In the last blog I praised the churches in lower Bucks County, PA for countering judgmentalism and apathy towards the homeless taught at Wossamotta U. and showing respect and empathy for them.
“Don’t talk about us; talk with us” the slogan some homeless people created is a reality in lower Bucks County. A large part of hobophobia, the irrational fear of the homeless, is a result of just not knowing them. So people talk about them without knowing who they really are.
Intermittently, the homeless have been harassed at the Veteran’s Memorial in Levittown, but now, except for a rare rogue, their rights have been respected and the harassment has eased off.
Initially, the new guard at the nearby municipal building, fed by misinformation, tried to shoo the homeless from the Veteran’s Memorial. But once he got to know them he lightened up. Just today one of the homeless guys who was at the memorial said the guard has been “cool”. When I first met the new guard I told him “we have to break you in.” Taken aback he spouted “I don’t need to be broken in” — and informed me that he was a trained law enforcement officer… After he mentioned enforcing rules, we realized we were on the same page, but that my concern was that the rules be enforced even handedly.
The harassment at the memorial was driven by false witness by those who hate the homeless, including the WIC office in the municipal building, which faces towards the memorial. A woman with COPD who went into the WIC office to get warm one winter during business hours was booted just because she was homeless.
Harassment against the homeless has been the case at the Levittown public library for the past two years. Lately, it got so out of hand that I filed a complaint with the American Civil Liberties Union (ACLU). The problem is Pat, the head librarian and her sidekick. The other librarians, however, have been not been only respectful of the homeless but have gotten friendly with them. They even gave me a card to bring with me when I visited a homeless person in the hospital.
In an attempt to shoo the homeless from the library, they have been hassled various ways, in some cases thrown out for the day or longer for minor problems. In one case, the homeless woman who was thrown out of WIC was reading when the librarian told her she needed to do something to stay in the library. The latest case was when the head librarian, Pat, out of the blue, told a homeless man he had been talking loud all week and threw him out, although other people, especially bratty kids, consistently talk much louder.
Many of the churches and individual Christians have reached out to the homeless in lower Bucks County, showing them respect, understanding and empathy.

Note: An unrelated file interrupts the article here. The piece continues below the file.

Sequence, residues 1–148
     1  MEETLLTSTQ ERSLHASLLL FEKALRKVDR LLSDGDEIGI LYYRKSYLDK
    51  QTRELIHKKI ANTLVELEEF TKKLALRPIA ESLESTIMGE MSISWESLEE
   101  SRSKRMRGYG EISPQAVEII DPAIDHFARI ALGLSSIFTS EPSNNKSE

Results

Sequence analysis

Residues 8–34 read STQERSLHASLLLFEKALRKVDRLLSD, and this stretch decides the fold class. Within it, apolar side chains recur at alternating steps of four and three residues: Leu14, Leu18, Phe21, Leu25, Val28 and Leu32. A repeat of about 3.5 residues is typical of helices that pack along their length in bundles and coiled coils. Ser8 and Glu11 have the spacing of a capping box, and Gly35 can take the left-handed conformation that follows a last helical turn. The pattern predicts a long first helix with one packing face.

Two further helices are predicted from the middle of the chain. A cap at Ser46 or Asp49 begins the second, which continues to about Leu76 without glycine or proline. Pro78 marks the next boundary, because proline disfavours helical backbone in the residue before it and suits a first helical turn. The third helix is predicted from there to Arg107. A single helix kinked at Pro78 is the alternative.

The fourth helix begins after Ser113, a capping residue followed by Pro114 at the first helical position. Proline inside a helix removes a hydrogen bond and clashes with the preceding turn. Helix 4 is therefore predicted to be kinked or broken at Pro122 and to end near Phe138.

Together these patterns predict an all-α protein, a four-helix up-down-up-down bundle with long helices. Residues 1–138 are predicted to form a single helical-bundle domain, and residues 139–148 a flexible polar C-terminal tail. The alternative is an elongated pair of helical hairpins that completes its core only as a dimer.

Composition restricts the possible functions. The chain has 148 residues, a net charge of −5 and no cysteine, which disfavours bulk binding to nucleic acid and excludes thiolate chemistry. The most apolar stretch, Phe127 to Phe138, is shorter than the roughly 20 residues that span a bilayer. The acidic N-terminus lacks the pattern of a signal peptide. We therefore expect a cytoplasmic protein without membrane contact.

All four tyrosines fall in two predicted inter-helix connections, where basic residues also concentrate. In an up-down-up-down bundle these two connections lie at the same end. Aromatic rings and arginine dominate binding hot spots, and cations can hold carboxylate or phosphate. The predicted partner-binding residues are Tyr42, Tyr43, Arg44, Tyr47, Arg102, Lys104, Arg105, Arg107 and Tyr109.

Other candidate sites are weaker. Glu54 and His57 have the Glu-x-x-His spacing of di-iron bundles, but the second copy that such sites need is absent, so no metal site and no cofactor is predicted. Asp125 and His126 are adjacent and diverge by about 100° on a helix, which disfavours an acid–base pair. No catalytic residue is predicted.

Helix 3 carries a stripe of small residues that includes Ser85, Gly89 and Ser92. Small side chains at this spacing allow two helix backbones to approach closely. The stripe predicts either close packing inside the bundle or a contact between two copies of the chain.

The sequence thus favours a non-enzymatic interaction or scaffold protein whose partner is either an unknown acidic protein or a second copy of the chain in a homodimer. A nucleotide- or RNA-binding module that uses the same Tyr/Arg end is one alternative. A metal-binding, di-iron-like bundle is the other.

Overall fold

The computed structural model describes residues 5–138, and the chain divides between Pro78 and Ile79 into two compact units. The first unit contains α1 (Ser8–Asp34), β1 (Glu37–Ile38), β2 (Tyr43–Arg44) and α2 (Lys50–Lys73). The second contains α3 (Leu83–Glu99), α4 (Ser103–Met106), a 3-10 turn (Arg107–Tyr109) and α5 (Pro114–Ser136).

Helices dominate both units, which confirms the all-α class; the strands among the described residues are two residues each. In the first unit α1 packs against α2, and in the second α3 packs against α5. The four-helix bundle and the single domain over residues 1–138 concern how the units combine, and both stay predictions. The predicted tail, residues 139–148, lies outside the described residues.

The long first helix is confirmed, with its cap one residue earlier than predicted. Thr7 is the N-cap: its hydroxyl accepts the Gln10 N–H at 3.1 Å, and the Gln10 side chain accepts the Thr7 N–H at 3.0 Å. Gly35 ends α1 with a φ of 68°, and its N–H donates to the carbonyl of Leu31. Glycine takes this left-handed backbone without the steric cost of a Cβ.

There are some, however, who must have taken night classes at Wossamatta U.
“The Countess of Carlisle”, the community relations and development director at the Salvation Army Levittown Community Center told me that people don’t like the homeless in the library when they visit because they are dirty, spread food out all over the tables, etc. I asked her if she witnessed that (she didn’t) and told her that I do go there and found this isn’t the case. I added that if someone breaks a rule about eating in the library, simply tell them to stop. This Salvation Army official didn’t want to know the truth, and just kowtows to the worldly, judgmental views of the community.
“Queen Latifah”, another elitist at the Salvation Army, treats the homeless like criminals and children when she hosts the community meals.
In the homeless community itself, false witness has created problems. Rumors were spread about someone I didn’t know in this community, but once I got to know him, I found that I was told lies.
Lies were also told about a guy who visits the community meals, but was not homeless, but in need. This fostered fights, which sometimes started to get physical. There was an incident at the Redeemer Lutheran Church in Penndel, PA where someone came to the meal drunk and screamed at the victim of false witness, physically threatened him, and had to be restrained.
Yet the perpetrator was let off the hook. One of the advocates from the Advocates for the Homeless and Those in Need (AHTN) twisted what happened and the victim, who did a rope-a-dope, was blamed. The next time the victim went to Redeemer Lutheran for the meal, he was told he was banned, because, a church representative said, he was saying negative things about the homeless.
I respect the homeless, and don’t take the stance that, because they are homeless, they are not responsible for their behavior. The victim and I pushed the issue and got the perpetrator temporarily banned from the bus. After this time out, he didn’t cause any more problems.
Recently, another homeless man, on more than one occasion, caused a ruckus at a community meal. Since the last ruckus, he hasn’t been at the meals. We must have set a precedent.
A non-homeless person who visits the meals said she was told to use caution when going to the meals. She was afraid someone might come at her with a weapon and that someone told her not even to look at the homeless people there. I allayed her fears and explained that my experience is that the worst thing that happens is occasional quarrels, usually alcohol driven. Normally the meals are a pleasant experience, where there is great fellowship.
Most churches have been gracious towards the homeless. They not only feed them, but sit at their tables at community meals and have developed relationships with them and mentored them.
This is the way it should be.
“We are therefore Christ’s ambassadors, as though God were making his appeal through us. We implore you on Christ’s behalf: Be reconciled to God.”
–2 Corinthians 5:20